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    Card-Check Measure Appears Dead in Senate

    The central bill provision would have made it easier for workers to organize unions.

    WASHINGTON -- A half-dozen senators friendly to labor have decided to drop the central provision of a bill that would have made it easier for workers to organize into unions.

    The so-called "card-check provision"—which senators scraped to help secure a filibuster-proof 60 votes—would have required employers to recognize a union as soon as a majority of workers signed cards saying they wanted a union. Currently, employers can insist on a secret-ballot election, a higher hurdle for unions, The New York Times reported.

    In place of the card-check provision, several Senate and labor officials said the revised bill would require shorter unionization campaigns and faster elections.

    While disappointed with the failure of card check, union leaders said this would still be an important victory because it would give companies less time to press workers to vote against unionizing. Meanwhile, some business leaders hailed the dropping of card check, while others called the move a partial triumph because the bill still contained provisions they oppose.

    The card-check provision was so central to the legislation it was known as "the card-check bill." Labor had called the bill its No. 1 objective, and both labor and business deployed their largest, most expensive lobbying campaigns ever in the battle over it, the report stated.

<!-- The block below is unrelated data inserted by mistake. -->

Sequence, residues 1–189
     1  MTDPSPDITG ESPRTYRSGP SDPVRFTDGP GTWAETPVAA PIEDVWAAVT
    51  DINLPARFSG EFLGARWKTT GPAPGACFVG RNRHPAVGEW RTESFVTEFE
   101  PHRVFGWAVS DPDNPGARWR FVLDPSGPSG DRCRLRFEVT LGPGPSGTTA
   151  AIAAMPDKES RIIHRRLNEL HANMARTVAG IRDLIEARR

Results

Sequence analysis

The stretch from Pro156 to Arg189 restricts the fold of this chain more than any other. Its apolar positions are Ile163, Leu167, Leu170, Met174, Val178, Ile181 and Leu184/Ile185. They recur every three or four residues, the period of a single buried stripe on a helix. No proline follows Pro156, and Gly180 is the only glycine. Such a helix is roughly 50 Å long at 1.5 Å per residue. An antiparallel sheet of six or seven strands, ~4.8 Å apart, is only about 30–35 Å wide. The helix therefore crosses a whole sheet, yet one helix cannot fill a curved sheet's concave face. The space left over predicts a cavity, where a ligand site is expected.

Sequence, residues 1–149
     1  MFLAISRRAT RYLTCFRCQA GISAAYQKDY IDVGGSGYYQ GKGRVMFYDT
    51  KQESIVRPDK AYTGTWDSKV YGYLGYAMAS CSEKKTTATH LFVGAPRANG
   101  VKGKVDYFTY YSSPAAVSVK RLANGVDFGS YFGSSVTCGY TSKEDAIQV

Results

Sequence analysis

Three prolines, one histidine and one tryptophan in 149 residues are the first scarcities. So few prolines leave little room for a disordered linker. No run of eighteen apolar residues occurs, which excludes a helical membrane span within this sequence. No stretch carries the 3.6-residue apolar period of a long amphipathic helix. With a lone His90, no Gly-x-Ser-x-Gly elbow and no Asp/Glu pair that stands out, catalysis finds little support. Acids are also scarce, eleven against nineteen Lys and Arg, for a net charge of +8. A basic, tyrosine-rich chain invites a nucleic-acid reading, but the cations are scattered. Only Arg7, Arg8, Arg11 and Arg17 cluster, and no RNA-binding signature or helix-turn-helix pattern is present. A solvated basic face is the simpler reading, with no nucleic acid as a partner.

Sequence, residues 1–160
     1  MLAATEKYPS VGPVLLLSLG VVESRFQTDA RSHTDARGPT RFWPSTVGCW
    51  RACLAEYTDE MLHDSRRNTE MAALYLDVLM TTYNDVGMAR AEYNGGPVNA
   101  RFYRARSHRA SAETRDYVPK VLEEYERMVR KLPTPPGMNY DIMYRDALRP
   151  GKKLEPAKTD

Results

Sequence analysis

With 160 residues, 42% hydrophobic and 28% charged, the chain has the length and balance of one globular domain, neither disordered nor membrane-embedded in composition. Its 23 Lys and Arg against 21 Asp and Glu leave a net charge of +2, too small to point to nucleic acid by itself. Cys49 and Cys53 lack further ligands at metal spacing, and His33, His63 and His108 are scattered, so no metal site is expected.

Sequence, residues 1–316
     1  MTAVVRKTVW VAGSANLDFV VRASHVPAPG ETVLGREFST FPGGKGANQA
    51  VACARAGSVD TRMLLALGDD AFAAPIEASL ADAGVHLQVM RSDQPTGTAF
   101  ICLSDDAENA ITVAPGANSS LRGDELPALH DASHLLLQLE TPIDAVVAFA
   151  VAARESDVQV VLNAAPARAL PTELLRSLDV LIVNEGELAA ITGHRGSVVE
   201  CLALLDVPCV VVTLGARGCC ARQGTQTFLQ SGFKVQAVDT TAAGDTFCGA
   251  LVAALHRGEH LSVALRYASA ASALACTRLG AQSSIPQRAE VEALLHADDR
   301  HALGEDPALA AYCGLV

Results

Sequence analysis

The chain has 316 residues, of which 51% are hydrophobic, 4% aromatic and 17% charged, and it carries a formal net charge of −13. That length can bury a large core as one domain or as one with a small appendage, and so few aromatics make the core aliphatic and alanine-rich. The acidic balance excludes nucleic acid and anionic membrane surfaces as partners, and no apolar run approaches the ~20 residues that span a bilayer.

Though some details remain to be worked out, under the expected revisions, union elections would have to be held within five or 10 days after 30 percent of workers signed cards favoring having a union. Currently, the campaigns often run two months.

    To further address labor’s concerns that the election process is tilted in favor of employers, key senators are considering several other measures. One would require employers to give union organizers access to company property. Another would bar employers from requiring workers to attend anti-union sessions that labor supporters deride as "captive audience meetings."

    Labor unions have pushed aggressively to enact the bill—formally, the Employee Free Choice Act. They view it as essential to reverse labor’s long decline. Just 7.6 percent of private-sector workers belong to unions, one-fifth the rate of a half-century ago, the Times reported.

    Union leaders argue that under current law, unionization elections are often unfair because, they say, employers have a huge opportunity to intimidate and pressure workers during the lengthy campaigns that precede the unionization vote. Business leaders on the other hand, say the current system is fair, asserting unions lose so many elections because workers oppose paying union dues and do not feel they need unions to represent them.

    Union officials have urged the White House and Senate leaders to schedule a vote this month. But Senate leaders have told labor that the Senate is so preoccupied with health care legislation that September would be the earliest time to take up the pro-union legislation.

    Related News:

    Employers Oppose So-Called Employee Free Choice Act

    Poll: Most Americans Support Secret Ballot in Union Elections

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